Did you know that June 13th is National Sewing Machine Day? On that day, honor is paid to a revolutionary invention that has kept us in stitches for 150 years. Our readers have asked us numerous questions about their sewing machines over the years. Here are a few.
Skilled cabinet-maker and English inventor, Thomas Saint, received the first patent for a design of a sewing machine, primarily for sewing leather and canvas, in 1790. It did not take off. The idea for a machine to replace the laborious process of hand-stitching was revived in 1874 when inventor William Newton Wilson found Saint’s drawings in the London Patent Office. He built a working model and the rest, as they say, was a seamless transition to an invention that made clothing production large-scale. The London Science Museum currently owns Wilson’s model.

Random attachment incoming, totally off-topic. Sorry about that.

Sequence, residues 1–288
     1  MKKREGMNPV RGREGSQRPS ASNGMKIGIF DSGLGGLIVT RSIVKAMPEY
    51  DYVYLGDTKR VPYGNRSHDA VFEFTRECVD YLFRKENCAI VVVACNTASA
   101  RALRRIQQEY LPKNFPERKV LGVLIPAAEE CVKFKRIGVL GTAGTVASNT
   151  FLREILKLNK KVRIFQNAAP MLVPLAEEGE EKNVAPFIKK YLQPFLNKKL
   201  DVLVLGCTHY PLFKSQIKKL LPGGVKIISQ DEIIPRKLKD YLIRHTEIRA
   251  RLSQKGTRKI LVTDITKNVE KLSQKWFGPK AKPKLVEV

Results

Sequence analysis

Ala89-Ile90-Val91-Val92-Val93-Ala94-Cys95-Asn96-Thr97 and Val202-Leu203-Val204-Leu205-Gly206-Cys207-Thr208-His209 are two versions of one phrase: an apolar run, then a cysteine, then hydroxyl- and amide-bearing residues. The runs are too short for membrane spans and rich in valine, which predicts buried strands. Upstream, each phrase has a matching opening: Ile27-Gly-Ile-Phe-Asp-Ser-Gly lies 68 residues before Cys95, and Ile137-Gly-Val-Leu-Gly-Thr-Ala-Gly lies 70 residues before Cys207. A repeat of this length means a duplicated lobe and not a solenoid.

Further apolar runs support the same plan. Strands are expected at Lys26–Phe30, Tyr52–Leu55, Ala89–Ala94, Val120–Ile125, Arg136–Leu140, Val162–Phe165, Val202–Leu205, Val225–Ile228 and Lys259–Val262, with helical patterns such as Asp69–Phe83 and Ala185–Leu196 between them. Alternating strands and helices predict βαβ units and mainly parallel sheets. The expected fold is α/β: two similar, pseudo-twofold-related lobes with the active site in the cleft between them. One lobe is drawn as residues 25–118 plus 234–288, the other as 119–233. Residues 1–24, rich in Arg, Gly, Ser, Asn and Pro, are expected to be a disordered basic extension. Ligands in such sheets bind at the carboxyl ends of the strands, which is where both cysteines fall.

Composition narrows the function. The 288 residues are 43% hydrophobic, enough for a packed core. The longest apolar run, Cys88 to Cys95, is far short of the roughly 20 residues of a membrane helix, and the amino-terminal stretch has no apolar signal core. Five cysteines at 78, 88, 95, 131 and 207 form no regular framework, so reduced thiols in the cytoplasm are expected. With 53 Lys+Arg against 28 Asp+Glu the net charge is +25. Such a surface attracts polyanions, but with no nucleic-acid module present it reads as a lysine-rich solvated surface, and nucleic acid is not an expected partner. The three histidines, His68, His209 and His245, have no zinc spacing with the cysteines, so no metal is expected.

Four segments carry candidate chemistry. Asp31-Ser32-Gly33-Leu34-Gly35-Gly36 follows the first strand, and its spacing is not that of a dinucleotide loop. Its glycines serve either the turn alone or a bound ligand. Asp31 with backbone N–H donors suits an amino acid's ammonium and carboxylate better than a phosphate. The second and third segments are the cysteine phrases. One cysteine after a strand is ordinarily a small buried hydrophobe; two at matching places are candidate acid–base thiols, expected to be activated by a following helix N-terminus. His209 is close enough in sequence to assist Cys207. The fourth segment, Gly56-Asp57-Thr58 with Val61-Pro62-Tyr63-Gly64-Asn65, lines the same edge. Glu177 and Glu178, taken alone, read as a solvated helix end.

Innovations along the way included the 1851 introduction by Isaac Singer (recognize that name?) of a sewing machine model that would launch a sewing empire — once he settled a patent fight with fellow inventor Elias Howe.
Sewing has retained its popularity (especially when more people are spending time at home) and today, collecting vintage machines is popular, as is the collecting of older patterns, especially those by Simplicity and Butterick.